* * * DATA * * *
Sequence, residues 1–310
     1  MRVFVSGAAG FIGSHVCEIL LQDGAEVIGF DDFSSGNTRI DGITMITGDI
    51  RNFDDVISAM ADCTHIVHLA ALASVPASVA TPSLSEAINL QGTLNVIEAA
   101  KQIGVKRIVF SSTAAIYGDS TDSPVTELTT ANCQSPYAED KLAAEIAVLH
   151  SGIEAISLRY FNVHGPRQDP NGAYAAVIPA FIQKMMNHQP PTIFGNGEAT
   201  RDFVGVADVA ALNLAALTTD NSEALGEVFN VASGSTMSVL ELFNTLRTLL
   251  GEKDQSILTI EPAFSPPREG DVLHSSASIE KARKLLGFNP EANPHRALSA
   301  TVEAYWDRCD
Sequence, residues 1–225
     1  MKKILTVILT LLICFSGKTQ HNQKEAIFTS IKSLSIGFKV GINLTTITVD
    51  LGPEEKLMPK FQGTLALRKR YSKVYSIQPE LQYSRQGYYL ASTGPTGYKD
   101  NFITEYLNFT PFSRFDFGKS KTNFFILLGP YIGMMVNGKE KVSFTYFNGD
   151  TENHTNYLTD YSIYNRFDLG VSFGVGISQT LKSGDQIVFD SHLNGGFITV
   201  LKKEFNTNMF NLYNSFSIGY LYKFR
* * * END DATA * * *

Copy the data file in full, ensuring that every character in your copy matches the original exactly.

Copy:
Sequence, residues 1–310
     1  MRVFVSGAAG FIGSHVCEIL LQDGAEVIGF DDFSSGNTRI DGITMITGDI
    51  RNFDDVISAM ADCTHIVHLA ALASVPASVA TPSLSEAINL QGTLNVIEAA
   101  KQIGVKRIVF SSTAAIYGDS TDSPVTELTT ANCQSPYAED KLAAEIAVLH
   151  SGIEAISLRY FNVHGPRQDP NGAYAAVIPA FIQKMMNHQP PTIFGNGEAT
   201  RDFVGVADVA ALNLAALTTD NSEALGEVFN VASGSTMSVL ELFNTLRTLL
   251  GEKDQSILTI EPAFSPPREG DVLHSSASIE KARKLLGFNP EANPHRALSA
   301  TVEAYWDRCD
Sequence, residues 1–225
     1  MKKILTVILT LLICFSGKTQ HNQKEAIFTS IKSLSIGFKV GINLTTITVD
    51  LGPEEKLMPK FQGTLALRKR YSKVYSIQPE LQYSRQGYYL ASTGPTGYKD
   101  NFITEYLNFT PFSRFDFGKS KTNFFILLGP YIGMMVNGKE KVSFTYFNGD
   151  TENHTNYLTD YSIYNRFDLG VSFGVGISQT LKSGDQIVFD SHLNGGFITV
   201  LKKEFNTNMF NLYNSFSIGY LYKFR